WASHINGTON (Web Desk) – Jonathan Pollard, an American convicted of spying for Israel, has been released on parole after spending 30 years in a US prison, the BBC reported on Friday.

However, the Obama administration has no plans to let him leave the country and move to Israel as he has requested.

The former US Navy intelligence officer, now 61, was caught selling classified documents in 1985 and given a life sentence two years later.

WAS01:MIDEAST-SUMMIT-POLLARD:WYE MILLS,MARYLAND,23OCT98 - FILE PHOTO 6APR86 - Jonathan Pollard is driven away from U.S. District Court in Washington, April 6, 1986, after pleading guilty to spying on the United States. A dispute over releasing Pollard, an American convicted of spying for Israel, held up plans for signing an agreement between Israel and the Palestinians October 23, an Israeli official said. Israeli Prime Minister Benjamin Netanyahu thought he had an understanding that U.S. President Bill Clinton would pardon Pollard when Israel signs the agreement, Israeli sources said. "They (the Americans) informed him (Netanyahu) an hour ago that Pollard won't be released," a senior Israeli source added.    (NO ARK, NO ONLINES, NO SALES, FOR ONE TIME USE ONLY)  hb/Photo by Corbis-Bettmann     REUTERS

Under federal parole rules, Mr. Pollard cannot leave the country without permission for at least five years. But his wife, Esther, lives in Israel and he has asked to be reunited with her there.

Prime Minister Benjamin Netanyahu of Israel personally raised the request in a meeting with President Obama earlier this month, but the president was unmoved, according to American officials and the Israeli news media.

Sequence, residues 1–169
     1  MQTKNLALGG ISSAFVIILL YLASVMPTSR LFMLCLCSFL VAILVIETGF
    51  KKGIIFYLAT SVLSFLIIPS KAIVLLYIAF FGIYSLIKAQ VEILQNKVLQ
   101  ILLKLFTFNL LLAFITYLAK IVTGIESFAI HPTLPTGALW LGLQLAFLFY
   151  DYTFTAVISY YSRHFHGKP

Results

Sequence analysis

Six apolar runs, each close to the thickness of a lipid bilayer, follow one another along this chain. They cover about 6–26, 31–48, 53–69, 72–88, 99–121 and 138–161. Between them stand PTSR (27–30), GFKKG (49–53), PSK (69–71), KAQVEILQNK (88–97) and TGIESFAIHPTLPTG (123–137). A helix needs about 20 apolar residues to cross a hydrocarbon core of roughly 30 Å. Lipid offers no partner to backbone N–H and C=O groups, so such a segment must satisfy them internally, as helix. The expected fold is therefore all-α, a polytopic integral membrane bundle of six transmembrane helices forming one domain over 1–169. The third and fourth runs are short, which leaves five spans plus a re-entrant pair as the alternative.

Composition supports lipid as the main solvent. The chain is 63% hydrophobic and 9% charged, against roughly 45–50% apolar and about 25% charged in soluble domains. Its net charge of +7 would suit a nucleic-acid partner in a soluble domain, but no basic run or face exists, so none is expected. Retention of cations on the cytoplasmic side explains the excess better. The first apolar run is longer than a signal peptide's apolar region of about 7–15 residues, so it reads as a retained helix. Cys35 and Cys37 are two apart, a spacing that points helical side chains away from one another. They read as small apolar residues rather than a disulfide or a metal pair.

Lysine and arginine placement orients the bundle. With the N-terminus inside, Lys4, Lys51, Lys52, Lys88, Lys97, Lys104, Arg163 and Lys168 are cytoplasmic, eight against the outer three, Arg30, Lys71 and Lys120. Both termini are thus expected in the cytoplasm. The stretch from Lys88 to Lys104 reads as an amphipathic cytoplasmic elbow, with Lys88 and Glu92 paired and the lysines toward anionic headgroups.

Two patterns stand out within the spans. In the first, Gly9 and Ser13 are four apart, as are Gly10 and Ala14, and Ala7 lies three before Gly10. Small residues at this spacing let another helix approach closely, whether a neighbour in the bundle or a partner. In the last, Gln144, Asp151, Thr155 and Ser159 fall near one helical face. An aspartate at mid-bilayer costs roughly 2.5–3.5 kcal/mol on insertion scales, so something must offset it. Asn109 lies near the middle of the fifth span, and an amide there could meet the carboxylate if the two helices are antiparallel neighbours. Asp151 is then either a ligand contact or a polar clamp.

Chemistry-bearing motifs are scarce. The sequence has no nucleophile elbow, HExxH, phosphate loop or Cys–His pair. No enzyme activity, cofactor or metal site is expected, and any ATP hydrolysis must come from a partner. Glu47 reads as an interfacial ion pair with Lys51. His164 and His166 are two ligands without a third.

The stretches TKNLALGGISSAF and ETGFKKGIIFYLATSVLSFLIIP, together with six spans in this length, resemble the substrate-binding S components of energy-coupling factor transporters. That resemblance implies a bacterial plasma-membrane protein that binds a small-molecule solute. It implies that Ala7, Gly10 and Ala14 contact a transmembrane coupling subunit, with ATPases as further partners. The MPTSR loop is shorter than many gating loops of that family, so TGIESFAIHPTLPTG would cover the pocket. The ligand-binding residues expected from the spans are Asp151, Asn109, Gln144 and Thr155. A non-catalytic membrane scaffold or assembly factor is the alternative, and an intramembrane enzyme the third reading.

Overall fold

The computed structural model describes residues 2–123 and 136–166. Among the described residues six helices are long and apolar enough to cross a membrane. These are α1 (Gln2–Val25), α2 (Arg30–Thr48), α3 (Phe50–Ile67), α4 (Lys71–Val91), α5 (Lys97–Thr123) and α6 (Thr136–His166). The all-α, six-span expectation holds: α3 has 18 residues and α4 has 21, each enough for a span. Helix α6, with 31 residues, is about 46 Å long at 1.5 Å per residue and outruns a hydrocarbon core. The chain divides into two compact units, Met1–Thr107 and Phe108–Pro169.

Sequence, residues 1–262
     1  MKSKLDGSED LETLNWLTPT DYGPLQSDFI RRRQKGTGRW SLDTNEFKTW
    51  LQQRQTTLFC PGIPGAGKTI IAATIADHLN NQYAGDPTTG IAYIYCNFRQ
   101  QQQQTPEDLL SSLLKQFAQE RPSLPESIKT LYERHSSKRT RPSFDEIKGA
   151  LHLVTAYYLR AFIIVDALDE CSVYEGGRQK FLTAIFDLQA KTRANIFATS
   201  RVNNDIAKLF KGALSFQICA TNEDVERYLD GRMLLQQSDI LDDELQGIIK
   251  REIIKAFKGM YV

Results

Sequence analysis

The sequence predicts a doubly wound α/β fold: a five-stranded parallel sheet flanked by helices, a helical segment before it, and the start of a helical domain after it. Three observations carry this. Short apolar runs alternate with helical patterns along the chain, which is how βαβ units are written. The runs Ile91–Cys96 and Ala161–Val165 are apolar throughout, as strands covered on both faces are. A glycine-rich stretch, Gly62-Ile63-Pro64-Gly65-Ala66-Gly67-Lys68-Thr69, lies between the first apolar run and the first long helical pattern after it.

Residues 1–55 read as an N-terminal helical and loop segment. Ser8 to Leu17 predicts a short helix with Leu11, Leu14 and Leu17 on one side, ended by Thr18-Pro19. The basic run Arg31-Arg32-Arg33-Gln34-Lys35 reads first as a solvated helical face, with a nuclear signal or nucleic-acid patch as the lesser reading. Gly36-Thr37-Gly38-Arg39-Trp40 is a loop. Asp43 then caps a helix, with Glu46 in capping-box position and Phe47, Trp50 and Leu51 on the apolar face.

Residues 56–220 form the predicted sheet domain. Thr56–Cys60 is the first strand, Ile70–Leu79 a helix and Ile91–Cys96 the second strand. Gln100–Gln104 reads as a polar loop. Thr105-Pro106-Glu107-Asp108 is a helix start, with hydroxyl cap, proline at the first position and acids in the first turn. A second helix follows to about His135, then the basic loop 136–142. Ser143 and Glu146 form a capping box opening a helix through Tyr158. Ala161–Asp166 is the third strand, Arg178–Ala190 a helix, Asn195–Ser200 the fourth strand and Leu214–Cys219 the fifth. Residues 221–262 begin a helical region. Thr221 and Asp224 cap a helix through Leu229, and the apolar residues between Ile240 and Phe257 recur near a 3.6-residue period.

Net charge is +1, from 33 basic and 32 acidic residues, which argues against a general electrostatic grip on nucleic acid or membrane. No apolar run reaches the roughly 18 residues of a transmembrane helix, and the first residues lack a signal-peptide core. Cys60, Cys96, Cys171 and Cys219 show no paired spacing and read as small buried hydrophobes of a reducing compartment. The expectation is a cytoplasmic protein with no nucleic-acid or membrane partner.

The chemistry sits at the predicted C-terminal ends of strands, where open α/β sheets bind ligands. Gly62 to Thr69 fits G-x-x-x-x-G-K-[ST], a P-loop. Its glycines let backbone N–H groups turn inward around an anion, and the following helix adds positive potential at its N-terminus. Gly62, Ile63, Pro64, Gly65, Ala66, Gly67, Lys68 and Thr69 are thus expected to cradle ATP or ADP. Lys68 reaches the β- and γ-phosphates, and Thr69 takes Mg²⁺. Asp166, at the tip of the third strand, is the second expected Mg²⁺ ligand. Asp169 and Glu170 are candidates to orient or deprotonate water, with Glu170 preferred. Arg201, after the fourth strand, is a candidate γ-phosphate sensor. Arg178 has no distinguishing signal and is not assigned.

Pollard has been serving his sentence at a prison in North Carolina. His parole terms bar him from leaving the United States without permission for five years.

Successive Israeli governments have tried to secure Pollard’s freedom, in a case that has caused tension between the two countries.


Last year it was reported that the US was considering freeing Pollard in exchange for the continuation of peace talks and significant concessions from Israel to the Palestinians.

Earlier this year, Pollard’s lawyers said that they had found employment and accommodation for their client in the New York area, but gave no further details.

At the time of his arrest, Pollard said he gave classified documents to Israel because the US was not passing on important information.

However, some intelligence officials have said that he also offered information to other countries.

Israel initially denied Pollard had spied for them. However, in 1996, Israel made Pollard a citizen and two years later officials admitted he was their agent.